||Technology in Australia 1788-1988
Table of Contents
I The First 100 Years 1788-1888
III Motorised Vehicles
ii Truck Manufacturing
iii Road Trains
iv The Diesel Electric Ore Trucks
v Buses and Coaches
V Modern Shipping
VI Innovative Small Craft
Motorised Vehicles (continued)
One aspect of motor car evolution has been the frequent upgrading, new models, introduction of improved technology and perhaps the most insidious, the marketing demand for the annual styling change. Faced with the adverse economies of scale, attempting to maintain synchronised model production with overseas, created immense problems of cost and practicality as local content requirements increased. These factors, in part, were influential in convincing the automobile manufacturers that there would be merit in a local design with greater model longevity and maximum part interchangeability between models.
Rapid expansion of demand for motor vehicles after the First World War was, in part, a result of the recognition of the flexibility of road transport compared to rail, and as better roads were constructed and vehicle reliability improved, more and more people were attracted to purchase a car. Having established the demand, it became necessary to assist people financially to purchase motor cars and there is no doubt that the availability of hire purchase facilities as a marketing support was a major factor in 'putting the nation on wheels'.
The Second World War, with the curtailment of imports, forced the transport industry to maintain its fleets by local part production or adaption and, together with essential defence demands, led to the development of expanded engineering capacity. Vehicle manufacturers were mobilised to produce a variety of defence needs, ranging from sea mines, landing craft, aircraft auxiliary fuel tanks, and reconditioned aero engines, to armoured fighting vehicles. Components were manufactured for Gypsy Moth aero engines, to Beaufort and Beaufighter aircraft and a variety of guns from the 6 pounder and 2 pounder anti tank guns and 20 mm anti aircraft gun to 25 pound howitzers, all apart from the many thousands of army trucks of all kinds produced by several companies. These defence requirements not only made an impact upon the motor car manufacturer but, importantly, involved the whole supplier industry and, through the necessity of wartime, exposed people to the production of components normally imported, and in many cases established skills quite foreign to the company prior to the commencement of hostilities.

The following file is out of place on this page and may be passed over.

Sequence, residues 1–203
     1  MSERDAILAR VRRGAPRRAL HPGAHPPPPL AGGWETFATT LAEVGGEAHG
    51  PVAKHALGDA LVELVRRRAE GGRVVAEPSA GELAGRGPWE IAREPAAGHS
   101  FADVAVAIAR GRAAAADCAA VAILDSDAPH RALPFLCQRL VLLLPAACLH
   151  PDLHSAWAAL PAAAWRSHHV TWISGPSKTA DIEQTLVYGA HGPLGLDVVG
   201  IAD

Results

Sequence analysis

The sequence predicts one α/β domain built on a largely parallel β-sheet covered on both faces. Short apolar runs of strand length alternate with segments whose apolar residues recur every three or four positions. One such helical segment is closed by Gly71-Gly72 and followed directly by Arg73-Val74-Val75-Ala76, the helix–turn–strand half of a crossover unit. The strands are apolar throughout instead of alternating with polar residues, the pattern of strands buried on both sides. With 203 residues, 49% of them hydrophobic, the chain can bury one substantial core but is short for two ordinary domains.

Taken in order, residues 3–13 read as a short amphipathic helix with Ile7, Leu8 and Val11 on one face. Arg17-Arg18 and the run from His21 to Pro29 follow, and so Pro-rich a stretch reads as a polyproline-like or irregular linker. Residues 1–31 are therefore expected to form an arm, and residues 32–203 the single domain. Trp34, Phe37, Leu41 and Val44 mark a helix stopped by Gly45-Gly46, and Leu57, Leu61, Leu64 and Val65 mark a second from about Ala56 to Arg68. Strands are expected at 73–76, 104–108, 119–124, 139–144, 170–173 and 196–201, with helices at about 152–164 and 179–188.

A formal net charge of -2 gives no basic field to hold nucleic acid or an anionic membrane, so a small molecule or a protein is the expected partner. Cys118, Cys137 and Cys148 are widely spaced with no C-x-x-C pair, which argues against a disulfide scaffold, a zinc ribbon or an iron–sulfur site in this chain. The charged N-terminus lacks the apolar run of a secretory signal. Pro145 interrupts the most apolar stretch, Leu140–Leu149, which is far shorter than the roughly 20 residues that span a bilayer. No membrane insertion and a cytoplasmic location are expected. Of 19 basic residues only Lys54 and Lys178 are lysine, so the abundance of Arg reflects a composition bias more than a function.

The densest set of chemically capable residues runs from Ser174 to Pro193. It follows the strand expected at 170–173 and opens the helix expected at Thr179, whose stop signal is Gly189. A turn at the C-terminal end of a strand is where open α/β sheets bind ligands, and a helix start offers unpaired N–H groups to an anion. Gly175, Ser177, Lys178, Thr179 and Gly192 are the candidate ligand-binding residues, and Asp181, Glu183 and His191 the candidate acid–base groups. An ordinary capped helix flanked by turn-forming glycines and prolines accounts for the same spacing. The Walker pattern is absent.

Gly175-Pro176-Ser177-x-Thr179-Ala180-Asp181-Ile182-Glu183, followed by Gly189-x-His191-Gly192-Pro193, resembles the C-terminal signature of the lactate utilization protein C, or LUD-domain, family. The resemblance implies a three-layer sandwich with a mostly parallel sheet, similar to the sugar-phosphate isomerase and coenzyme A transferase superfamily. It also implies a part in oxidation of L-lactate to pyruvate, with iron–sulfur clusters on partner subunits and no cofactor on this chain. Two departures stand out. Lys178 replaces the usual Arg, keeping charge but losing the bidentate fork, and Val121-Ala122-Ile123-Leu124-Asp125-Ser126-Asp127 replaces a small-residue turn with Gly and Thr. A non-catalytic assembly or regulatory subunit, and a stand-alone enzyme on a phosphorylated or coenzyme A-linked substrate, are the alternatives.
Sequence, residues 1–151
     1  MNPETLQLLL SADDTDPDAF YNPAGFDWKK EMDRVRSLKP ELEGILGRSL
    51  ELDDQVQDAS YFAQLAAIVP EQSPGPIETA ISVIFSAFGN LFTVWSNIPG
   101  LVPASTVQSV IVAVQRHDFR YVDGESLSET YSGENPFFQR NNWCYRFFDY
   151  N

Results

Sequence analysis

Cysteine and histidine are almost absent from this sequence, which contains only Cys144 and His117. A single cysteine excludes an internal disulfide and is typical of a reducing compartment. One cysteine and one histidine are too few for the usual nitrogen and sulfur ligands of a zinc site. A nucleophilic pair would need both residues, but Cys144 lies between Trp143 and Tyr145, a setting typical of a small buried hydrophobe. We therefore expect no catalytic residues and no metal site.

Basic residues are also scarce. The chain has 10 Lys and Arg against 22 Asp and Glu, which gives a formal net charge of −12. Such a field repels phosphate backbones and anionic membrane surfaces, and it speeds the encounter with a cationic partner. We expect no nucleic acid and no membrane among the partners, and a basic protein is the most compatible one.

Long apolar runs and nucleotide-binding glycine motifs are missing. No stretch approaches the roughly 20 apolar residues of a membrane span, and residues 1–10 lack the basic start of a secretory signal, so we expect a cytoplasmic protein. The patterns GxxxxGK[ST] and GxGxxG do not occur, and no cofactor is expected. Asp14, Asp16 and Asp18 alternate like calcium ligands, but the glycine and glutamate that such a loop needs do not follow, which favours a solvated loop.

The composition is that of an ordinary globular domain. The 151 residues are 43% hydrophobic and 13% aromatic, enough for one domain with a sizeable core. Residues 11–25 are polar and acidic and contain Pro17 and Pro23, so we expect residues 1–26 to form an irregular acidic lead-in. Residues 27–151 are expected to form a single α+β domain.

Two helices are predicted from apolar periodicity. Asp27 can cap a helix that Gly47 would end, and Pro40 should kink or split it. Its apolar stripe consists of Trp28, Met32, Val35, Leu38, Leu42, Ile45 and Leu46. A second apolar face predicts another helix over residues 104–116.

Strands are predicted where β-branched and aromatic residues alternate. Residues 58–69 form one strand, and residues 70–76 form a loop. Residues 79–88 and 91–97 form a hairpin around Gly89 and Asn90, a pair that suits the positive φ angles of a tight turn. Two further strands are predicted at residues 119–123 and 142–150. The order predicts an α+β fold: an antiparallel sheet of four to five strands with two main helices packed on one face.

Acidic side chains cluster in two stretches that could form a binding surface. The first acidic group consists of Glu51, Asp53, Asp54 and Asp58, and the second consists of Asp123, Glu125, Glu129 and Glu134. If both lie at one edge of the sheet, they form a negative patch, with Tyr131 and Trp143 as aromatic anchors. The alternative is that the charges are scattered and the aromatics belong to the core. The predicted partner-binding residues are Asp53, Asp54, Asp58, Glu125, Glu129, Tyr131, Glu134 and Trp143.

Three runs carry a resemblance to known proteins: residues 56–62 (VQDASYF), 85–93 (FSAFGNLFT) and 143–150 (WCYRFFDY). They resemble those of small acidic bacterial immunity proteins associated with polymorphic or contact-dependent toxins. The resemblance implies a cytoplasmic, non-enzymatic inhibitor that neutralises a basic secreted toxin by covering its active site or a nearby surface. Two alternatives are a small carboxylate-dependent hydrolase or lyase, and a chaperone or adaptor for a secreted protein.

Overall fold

Due to the shortage of petrol in the country during the 1939-45 war, civilian consumption of fuel was strictly rationed and only sufficient was provided for official duties. As a means of maintaining some of the more urgent transport links, gas producer units were developed to provide combustible gas by drawing air over hot wood coke under controlled conditions. Trucks, buses and cars were equipped with Australian designed and built gas producer units and a significant part of the national fleet of vehicles maintained schedules at great savings in conventional fuel.
Post war, the Australian Government saw opportunities for utilising the skills developed during the hostilities, which would at the same time provide employment to returning servicemen and new immigrants by encouraging vehicle manufacture. Motor companies were invited to submit plans for manufacture in Australia at a high level of local content (90 per cent) in return for tariff and quota protection.
General Motors Holden made a proposal which was accepted and the first 'Australian' Holden was manufactured in 1948. The volume projections for the G.M.H. Holden were such as to permit the first use of mass production techniques in Australia. Engine manufacture was based on dedicated continuous production lines and the foundry, chassis plant, stamping plant and assembly plants were technically advanced in selection of processes appropriate to the cost balance between mechanisation and manpower (Fig. 19).
Organisations in Australian Science at Work - General Motors Holden
© 1988 Print Edition pages 492 - 494, Online Edition 2000
Published by Australian Science and Technology Heritage Centre, using the Web Academic Resource Publisher